I’ve always been fascinated by words. When I was younger, this manifested itself in constantly playing word games like Ghost. Later, I fell in love with etymology. To me, the history of a word like ‘chartreuse’ — that the color came from the liqueur, which comes from the Carthusian monks, whose name comes from the mountains where they first lived — is one of the most beautiful facts I know. I studied Latin in high school and college, which infused English with an additional richness.
I’ve always been a reader, though not a particularly voracious one. My tendency is to get extremely attached to specific pieces of writing and return to them again and again. I read novels more than I read poetry. Mark Z. Danielewski’s House of Leaves had a huge impact on me, and showed me how thoroughly a book can demolish boundaries. Other novels I love include Annie Proulx’s The Shipping News and Donna Tartt’s The Secret History. Obviously three very different books, but each with a particular aesthetic that really took root in me.
At some point in college, I was introduced to Christian Bök’s Eunoia. Today, Bök is by far the biggest influence on my writing, and I keep copies of Crystallography (my favorite work of his), Eunoia, and The Xenotext: Book 1 within easy reach. A book like Eunoia treats language as a material to be worked, like wood or steel, in a way that is incredibly compelling to me.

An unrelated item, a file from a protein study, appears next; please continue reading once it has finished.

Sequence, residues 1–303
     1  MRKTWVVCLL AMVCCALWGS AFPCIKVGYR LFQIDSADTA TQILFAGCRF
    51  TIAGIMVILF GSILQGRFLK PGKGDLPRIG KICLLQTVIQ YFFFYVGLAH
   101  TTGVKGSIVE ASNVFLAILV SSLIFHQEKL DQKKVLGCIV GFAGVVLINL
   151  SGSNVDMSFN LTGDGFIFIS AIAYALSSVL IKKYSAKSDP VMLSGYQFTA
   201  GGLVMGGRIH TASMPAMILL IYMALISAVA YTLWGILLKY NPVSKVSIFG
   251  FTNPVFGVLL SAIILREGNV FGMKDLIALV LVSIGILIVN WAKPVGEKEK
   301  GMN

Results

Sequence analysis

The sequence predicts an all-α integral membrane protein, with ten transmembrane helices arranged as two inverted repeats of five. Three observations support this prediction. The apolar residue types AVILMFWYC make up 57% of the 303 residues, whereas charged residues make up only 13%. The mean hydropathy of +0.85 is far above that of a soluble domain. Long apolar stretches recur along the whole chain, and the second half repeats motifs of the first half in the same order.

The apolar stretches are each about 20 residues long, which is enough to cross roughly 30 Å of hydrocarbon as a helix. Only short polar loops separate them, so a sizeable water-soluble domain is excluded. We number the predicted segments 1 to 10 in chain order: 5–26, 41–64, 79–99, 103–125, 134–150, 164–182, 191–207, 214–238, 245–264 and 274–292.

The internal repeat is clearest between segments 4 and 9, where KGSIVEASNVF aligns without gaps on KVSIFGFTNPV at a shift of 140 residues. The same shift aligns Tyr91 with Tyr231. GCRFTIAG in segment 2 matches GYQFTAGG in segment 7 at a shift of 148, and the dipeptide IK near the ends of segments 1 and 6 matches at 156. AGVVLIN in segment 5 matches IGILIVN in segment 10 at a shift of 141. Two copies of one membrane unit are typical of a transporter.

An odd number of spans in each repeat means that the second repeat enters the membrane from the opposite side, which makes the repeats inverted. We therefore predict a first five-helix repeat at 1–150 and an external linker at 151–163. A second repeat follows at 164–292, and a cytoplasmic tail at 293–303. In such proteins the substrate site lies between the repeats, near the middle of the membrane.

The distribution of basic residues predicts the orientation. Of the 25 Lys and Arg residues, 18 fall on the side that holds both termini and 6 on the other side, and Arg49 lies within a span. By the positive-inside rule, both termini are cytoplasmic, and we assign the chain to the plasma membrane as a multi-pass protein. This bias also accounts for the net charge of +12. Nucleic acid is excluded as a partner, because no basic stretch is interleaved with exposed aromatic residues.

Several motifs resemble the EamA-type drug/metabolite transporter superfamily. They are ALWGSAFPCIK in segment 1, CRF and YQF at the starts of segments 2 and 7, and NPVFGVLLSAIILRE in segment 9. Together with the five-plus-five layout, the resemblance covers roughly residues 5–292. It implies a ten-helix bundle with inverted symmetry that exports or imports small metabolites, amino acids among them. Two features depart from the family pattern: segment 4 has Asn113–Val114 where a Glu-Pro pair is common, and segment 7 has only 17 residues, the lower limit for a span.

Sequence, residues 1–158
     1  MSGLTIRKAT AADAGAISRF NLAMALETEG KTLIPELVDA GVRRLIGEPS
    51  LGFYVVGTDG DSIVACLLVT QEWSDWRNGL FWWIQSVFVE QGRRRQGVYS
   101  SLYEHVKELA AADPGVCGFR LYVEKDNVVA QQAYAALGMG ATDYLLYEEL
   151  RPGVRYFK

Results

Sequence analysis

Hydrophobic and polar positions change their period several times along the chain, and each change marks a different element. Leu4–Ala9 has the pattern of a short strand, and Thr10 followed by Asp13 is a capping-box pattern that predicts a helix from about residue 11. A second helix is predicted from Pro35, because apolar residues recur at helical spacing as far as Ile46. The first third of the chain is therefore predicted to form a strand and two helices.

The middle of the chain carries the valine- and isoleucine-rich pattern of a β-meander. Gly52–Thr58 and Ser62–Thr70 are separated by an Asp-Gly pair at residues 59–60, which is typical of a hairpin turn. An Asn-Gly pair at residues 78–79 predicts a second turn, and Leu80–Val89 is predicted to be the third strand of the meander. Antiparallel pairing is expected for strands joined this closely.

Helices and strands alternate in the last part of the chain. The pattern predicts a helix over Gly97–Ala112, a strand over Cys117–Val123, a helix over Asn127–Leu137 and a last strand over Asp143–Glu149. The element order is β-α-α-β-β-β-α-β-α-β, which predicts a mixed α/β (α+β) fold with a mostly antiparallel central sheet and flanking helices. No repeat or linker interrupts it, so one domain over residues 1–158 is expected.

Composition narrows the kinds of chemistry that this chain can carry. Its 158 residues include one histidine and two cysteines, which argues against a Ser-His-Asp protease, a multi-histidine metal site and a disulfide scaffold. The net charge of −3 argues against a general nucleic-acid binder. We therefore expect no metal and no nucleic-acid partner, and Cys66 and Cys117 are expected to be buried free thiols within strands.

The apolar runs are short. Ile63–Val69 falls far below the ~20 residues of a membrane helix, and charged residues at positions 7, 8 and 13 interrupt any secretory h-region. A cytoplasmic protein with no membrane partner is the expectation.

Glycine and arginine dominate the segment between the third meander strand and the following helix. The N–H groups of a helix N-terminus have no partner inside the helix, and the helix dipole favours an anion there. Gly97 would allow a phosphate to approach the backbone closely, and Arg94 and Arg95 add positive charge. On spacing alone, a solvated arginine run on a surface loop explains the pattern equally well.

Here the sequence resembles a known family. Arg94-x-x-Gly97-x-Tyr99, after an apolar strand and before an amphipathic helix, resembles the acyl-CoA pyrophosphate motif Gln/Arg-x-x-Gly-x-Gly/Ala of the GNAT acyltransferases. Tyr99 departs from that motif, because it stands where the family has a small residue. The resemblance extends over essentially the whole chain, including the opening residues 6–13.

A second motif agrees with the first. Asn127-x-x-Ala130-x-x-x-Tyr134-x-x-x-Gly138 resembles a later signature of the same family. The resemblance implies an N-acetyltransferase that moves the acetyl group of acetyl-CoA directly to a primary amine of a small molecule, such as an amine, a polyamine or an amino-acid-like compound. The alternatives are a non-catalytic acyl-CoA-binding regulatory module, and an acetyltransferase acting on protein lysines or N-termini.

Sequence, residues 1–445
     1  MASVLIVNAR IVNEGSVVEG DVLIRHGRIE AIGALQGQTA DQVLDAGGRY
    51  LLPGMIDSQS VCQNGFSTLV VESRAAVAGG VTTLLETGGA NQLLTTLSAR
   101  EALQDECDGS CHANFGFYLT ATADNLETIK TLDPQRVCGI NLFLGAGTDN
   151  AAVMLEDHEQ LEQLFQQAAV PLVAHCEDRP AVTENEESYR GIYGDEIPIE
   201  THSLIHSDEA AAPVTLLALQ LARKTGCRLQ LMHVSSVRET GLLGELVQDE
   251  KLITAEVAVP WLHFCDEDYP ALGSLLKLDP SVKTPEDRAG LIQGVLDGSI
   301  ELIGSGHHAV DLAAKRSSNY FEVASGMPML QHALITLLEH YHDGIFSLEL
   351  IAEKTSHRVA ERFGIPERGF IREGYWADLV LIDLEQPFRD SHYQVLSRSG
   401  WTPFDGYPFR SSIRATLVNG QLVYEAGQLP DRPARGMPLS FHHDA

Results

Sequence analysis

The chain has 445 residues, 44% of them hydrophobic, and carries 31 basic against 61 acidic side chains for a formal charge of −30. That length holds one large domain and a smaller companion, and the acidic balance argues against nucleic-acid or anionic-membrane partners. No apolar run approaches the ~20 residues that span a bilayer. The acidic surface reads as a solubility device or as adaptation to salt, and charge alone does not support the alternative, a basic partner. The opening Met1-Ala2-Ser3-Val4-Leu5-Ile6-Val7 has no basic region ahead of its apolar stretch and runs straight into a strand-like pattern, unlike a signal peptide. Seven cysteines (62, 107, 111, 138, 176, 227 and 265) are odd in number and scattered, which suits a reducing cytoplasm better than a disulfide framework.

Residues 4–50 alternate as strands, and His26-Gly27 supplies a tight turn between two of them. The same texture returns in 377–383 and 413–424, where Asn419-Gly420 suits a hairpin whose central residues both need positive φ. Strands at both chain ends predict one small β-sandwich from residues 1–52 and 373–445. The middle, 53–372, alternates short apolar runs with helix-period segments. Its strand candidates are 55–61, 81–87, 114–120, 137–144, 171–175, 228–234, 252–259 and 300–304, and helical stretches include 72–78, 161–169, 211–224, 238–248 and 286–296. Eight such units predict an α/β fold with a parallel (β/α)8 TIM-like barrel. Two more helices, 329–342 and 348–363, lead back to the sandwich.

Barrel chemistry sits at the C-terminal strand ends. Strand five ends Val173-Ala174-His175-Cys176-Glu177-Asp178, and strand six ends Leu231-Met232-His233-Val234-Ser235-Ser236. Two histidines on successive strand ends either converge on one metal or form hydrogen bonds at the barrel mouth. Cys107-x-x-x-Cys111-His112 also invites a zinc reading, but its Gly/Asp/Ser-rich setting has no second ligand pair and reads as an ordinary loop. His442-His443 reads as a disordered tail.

Today, my love of language manifests itself mainly in writing constrained poetry. Sometimes I imagine the entire English language as a vast cloud of words and meanings hovering like dust. Working with constraints unearths the hidden seams in that cloud. This type of work is like mining, in that you’re discovering beauty that’s in some sense already there. When I find something that strikes me as perfect, like the fact that ‘canoe’ is an anagram of ‘ocean,’ I feel like the language itself is speaking to me, and that these words are speaking to each other across the universe.